The Sweetest Thing

I had a “Joy of Cooking” childhood. That iconic cookbook sat in the breakfast room for years, its sticky pages covered in a pasty blend of butter and sugar, our favorite recipes (oatmeal cookies, pancakes, blueberry muffins, angel food cake) marked by their wrinkled, abused pages. My sisters and I were spoiled by homemade everything, understanding what it meant to make something sweet, from scratch, at very young ages.

My great-grandmother, well into her 80s, made us Italian jelly slices (tiny biscotti with perfect little plops of jelly and glaze) and chocolate chip cookies. Birthday cakes were always served hot, out of the pan, with homemade, imperfect icing on top. I loved the store bought stuff too: early morning donuts, after-dinner ice cream at Graeters, and gummy candy in between. And I still do.

This love for the sweetest things, more than anything, comes from my mother.
She’s an improviser. Some see this as sacrilegious when it comes to baking, as just the tiniest mixup can make all the difference. Here’s the thing though: when “winging it” works, it’s a science all its own. No pie crust tastes exactly the same, no cake has the same texture as the one before it. You’re really forced to taste the food you make, for better or worse. And taste it she did.

When mom bakes, the countertops are littered with bags of flower and sugar, inartfully stuffed into ziploc bags for safekeeping. She wears an apron but still manages to get flour all over everything, including her face and feet. She works aggressively and hungrily, seeing recipe amounts as mere suggestions, adding this and that as she goes along. I like to think she learned this from my great grandmother; I only watched this tiny Italian woman make her famous cookies once, but there was hardly a precise measurement in sight. Either you know how to make something taste good or you don’t, and with sugar, I believe you have to crave it yourself to do it right.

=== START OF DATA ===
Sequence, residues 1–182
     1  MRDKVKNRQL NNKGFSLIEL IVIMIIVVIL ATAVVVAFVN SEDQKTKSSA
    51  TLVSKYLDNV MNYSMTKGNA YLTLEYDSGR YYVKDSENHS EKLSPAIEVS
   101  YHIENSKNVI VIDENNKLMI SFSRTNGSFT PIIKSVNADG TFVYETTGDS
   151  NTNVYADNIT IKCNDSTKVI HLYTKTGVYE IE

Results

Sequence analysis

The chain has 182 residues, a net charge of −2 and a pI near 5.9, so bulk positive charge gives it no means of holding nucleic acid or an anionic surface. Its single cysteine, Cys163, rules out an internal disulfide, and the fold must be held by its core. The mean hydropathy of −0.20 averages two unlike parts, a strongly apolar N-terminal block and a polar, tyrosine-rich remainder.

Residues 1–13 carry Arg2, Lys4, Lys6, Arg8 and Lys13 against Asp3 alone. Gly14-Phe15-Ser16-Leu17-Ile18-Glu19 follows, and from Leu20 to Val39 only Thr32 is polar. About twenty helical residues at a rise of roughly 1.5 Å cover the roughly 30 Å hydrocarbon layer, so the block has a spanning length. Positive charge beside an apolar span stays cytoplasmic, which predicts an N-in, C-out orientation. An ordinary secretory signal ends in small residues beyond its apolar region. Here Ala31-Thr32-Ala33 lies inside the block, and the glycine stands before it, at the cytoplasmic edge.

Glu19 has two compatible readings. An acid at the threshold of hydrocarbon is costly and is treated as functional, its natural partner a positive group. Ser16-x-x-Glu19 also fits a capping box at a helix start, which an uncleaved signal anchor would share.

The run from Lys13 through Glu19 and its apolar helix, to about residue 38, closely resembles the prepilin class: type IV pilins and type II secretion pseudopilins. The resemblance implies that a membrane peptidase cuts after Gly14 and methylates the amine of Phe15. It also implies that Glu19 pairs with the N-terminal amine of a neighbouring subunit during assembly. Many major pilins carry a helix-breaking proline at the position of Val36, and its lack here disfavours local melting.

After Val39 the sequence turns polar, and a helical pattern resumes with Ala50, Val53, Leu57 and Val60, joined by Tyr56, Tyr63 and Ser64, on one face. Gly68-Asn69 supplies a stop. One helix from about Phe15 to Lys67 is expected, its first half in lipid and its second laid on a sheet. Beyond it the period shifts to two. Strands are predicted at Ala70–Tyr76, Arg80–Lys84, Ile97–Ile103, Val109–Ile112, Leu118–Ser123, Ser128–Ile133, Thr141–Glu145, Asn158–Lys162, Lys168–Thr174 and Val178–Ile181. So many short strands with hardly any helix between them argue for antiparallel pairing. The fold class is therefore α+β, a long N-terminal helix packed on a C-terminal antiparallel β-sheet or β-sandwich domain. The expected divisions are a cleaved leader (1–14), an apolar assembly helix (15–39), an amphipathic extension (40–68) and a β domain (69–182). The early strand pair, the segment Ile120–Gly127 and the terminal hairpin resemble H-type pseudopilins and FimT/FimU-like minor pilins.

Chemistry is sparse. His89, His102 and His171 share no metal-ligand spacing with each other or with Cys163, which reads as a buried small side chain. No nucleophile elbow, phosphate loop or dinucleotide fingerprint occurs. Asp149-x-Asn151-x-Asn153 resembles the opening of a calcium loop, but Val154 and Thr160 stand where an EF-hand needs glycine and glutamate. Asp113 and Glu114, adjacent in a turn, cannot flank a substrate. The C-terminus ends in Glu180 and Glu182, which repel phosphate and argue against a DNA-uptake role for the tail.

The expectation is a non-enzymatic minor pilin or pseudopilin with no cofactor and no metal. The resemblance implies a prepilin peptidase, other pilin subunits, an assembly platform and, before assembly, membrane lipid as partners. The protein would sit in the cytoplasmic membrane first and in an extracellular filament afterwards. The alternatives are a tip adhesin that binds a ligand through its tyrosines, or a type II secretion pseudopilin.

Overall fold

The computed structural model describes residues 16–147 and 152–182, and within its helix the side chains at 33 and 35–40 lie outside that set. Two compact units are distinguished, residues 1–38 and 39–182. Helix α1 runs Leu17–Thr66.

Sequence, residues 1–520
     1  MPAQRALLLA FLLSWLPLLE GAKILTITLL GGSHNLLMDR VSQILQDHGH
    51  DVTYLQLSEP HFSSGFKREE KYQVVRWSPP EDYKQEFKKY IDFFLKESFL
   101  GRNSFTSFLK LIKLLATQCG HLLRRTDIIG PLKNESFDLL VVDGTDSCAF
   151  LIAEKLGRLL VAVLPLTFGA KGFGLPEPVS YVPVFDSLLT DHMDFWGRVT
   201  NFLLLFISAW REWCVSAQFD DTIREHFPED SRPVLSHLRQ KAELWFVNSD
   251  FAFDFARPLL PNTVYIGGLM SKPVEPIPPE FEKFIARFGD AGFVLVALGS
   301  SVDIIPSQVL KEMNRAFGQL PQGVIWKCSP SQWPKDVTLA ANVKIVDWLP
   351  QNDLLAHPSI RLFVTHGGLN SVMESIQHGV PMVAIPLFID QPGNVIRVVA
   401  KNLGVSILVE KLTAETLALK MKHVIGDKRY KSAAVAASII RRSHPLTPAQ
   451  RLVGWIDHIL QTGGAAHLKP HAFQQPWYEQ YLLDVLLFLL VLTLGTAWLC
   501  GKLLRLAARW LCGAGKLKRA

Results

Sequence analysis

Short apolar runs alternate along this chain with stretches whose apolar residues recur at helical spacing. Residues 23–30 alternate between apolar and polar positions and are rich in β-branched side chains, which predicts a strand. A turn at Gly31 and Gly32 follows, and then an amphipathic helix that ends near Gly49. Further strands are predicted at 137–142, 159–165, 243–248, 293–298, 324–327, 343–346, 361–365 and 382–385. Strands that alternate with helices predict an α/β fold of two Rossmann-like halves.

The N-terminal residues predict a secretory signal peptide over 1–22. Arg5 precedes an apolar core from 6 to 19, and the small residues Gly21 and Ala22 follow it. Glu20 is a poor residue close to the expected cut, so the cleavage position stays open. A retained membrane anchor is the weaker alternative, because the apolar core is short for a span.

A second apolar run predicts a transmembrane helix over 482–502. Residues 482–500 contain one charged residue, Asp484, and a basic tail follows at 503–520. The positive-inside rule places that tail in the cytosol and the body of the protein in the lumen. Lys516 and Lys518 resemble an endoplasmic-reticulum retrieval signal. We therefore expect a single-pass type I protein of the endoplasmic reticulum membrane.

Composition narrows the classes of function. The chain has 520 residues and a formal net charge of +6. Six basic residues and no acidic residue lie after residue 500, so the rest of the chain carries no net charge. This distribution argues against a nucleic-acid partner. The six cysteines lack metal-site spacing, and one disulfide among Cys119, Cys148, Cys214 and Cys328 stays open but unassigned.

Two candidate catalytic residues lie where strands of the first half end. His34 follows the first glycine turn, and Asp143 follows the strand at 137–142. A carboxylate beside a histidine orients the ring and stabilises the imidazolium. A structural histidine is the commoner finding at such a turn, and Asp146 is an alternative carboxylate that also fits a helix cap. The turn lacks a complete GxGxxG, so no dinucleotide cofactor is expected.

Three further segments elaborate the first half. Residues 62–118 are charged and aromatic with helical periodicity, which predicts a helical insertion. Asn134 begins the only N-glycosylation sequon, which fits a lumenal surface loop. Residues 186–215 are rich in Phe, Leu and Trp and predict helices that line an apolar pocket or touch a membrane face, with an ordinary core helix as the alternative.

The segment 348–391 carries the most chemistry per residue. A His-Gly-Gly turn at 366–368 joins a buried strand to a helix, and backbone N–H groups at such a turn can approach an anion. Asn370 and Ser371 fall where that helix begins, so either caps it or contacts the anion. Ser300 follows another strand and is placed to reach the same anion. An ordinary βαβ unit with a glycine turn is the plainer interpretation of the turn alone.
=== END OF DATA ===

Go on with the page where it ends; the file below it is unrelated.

My mom’s pie crusts were always lumpy and misshapen, but they were filled with gooey fruit and no shortage of sugar and butter. The slices never stayed on a plate for long. Her oatmeal cookies were all different sizes, having been shoved into the oven before it was preheated and often taken out before their time. But my god, everything she made always tasted so incredibly delicious and REAL. My mom did not make pies and cookies to be looked at and photographed. She made them because she wanted to enjoy them just as much as her children and husband and nieces and nephews (and she often did, hot, right out of the oven). She made desserts to be eaten, and fast, maybe with ice cream on top.

My mother is irrational, fiercely intelligent, intuitive, annoyingly impatient, imperfect, compassionate, clever, crazy, and oh-so-beautiful. Everything she is shows up in what she makes, and I love that about her.

As an adult, I find that I lean more toward my mother’s style when it comes to baking. I want to taste the stuff so badly that I can’t really waste time with cute ramekins during prep, not to mention detailed, patient decorations on the finished product.

Instead, my process is this: if I crave it, I make it.

Marc’s parents were in town this past week, and his dad is the only one in my camp: the sweet-over-salty, must-have-dessert camp. His favorite food is watermelon; he grew up with a mother who made mountainous chocolate cream pies with perfectly bronzed meringue; he trusts the waitress when she makes dessert recommendations at a restaurant. His arrival came at the perfect time: I had the most intense craving for almond macaroons.

These things are better than cookies. They have so little in them it’s almost comical, but they’re so incredibly satisfying. There’s texture, sweet, and edge to a good macaroon. For years I’ve made coconut ones, shying away from the high price tag on almond paste. But this week, I tried it for the first time, and my process was impulsive and furious, just like my mom.

The recipe comes from Saveur, as I was intrigued by their simple list of ingredients, one that left off eggs–a common macaroon must-have– entirely. Almond paste, superfine sugar, and the kicker: amaretto liqueur. That’s it. Roll the things in powdered sugar, bake them until golden, and that craving is sat-is-fied. Yes they’re vegan and gluten-free and all that jazz, but I hardly care. They were exactly what I wanted.

Marc did not grow up beside mountains of homemade treats, so I can’t fault him for his lack of interest in the stuff. But I will say this: when you get someone to close their eyes in enjoyment over something, it feels pretty damn sweet.

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